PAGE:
The FTC has won its antitrust case against Qualcomm in the Northern District of California. The loss is a significant blow to Qualcomm which managed to win back Apple as a customer just last month and signed a six-year licensing agreement with it.
The ruling by Judge Lucy Koh states that Qualcomm cannot decide not to supply modem chips to its customers depending on their patent license status. The chip maker must renegotiate the patent licensing terms with its customers for supplying modem chips without them worrying about not getting access to modem chips or proper software support.
Qualcomm must make the patent licenses available to other modem suppliers under “FRAND” terms, and it cannot enter exclusive agreements to supply modem chips with anyone. To ensure that Qualcomm follows the orders and does not fall back to its old ways, the Court has ordered the company to submit yearly compliance reports for seven years.
Other actions ordered by the court are as follows:
- Qualcomm must not condition the supply of modem chips on a customer’s patent license status and Qualcomm must negotiate or renegotiate license terms with customers in good faith under conditions free from the threat of lack of access to or discriminatory provision of modem chip supply or associated technical support or access to software.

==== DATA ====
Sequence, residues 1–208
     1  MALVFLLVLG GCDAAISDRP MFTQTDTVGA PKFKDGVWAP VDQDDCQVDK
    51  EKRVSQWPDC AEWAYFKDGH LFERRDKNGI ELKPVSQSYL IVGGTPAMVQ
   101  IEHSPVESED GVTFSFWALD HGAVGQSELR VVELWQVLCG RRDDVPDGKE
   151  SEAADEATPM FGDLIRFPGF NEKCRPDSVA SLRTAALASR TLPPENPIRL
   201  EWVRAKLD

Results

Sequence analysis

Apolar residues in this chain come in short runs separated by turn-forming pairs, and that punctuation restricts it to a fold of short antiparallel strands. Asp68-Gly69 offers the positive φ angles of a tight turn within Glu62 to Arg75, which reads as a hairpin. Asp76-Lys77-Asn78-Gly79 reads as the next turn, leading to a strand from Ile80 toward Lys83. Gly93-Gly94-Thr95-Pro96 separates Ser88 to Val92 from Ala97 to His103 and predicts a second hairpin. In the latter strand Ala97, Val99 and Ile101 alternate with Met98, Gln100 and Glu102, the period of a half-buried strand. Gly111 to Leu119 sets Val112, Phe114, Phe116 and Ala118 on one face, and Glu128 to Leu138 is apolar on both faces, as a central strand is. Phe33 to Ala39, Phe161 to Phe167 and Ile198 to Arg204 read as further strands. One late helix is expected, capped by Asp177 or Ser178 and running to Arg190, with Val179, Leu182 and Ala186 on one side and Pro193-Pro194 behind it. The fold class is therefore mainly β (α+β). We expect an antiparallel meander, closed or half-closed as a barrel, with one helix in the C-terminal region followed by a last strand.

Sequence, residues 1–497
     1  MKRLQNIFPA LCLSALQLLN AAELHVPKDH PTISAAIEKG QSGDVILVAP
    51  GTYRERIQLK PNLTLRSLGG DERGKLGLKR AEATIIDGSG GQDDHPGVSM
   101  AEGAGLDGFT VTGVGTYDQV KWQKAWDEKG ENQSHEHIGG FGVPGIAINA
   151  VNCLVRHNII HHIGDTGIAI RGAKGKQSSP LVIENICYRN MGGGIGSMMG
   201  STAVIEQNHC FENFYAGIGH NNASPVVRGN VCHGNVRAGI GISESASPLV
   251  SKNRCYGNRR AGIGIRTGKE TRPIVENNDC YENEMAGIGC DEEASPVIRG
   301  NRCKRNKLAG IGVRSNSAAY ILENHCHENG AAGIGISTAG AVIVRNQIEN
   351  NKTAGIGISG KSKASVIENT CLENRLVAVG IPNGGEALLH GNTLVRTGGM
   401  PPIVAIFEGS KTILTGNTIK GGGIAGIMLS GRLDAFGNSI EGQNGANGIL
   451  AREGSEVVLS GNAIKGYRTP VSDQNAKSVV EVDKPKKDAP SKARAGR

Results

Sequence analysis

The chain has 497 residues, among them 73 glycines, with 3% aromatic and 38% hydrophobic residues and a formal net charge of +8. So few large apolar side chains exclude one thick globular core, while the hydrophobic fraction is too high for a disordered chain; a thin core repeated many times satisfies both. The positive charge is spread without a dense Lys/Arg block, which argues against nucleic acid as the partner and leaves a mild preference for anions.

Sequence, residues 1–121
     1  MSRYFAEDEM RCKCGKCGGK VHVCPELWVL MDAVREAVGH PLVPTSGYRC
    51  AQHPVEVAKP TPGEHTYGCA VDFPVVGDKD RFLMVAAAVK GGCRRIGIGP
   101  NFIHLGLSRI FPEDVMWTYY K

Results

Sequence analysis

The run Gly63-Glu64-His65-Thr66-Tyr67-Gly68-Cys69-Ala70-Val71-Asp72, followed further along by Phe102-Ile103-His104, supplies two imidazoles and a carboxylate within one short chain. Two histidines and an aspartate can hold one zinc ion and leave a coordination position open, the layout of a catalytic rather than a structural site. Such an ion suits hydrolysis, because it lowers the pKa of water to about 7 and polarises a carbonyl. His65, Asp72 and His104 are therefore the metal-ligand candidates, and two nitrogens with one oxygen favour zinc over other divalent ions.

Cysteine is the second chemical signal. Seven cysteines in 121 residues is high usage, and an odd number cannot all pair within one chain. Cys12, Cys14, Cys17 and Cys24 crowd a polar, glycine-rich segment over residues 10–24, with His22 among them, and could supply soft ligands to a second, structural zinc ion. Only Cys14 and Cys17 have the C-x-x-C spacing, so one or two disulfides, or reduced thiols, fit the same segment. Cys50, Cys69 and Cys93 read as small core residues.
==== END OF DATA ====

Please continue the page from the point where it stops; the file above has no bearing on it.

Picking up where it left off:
- Qualcomm must make exhaustive SEP licenses available to modem-chip suppliers on fair, reasonable, and non-discriminatory (“FRAND”) terms and to submit, as necessary, to arbitral or judicial dispute resolution to determine such terms.
- Qualcomm may not enter express or de facto exclusive dealing agreements for the supply of modem chips.
- Qualcomm may not interfere with the ability of any customer to communicate with a government agency about a potential law enforcement or regulatory matter.
- In order to ensure Qualcomm’s compliance with the above remedies, the Court orders Qualcomm to submit to compliance and monitoring procedures for a period of seven (7) years. Specifically, Qualcomm shall report to the FTC on an annual basis Qualcomm’s compliance with the above remedies ordered by the Court.
The decision by Judge Lucy Koh comes just a month after Apple and Qualcomm ended all their patent disputes and entered into a six-year licensing agreement. Apple reportedly paid upwards of $6 billion to settle with Qualcomm, and it now has to pay anywhere between $8 to $9 per iPhone as patent royalty fees — up from $7.5 per unit. The move ensured that the Cupertino company would be able to secure 5G modem from Qualcomm for its 2020 iPhones.
With the latest court decision though, it is likely that Apple will end up renegotiating its terms with Qualcomm. The latter is going to appeal against the court decision but given the substantial evidence against it, the decision is unlikely to be reversed.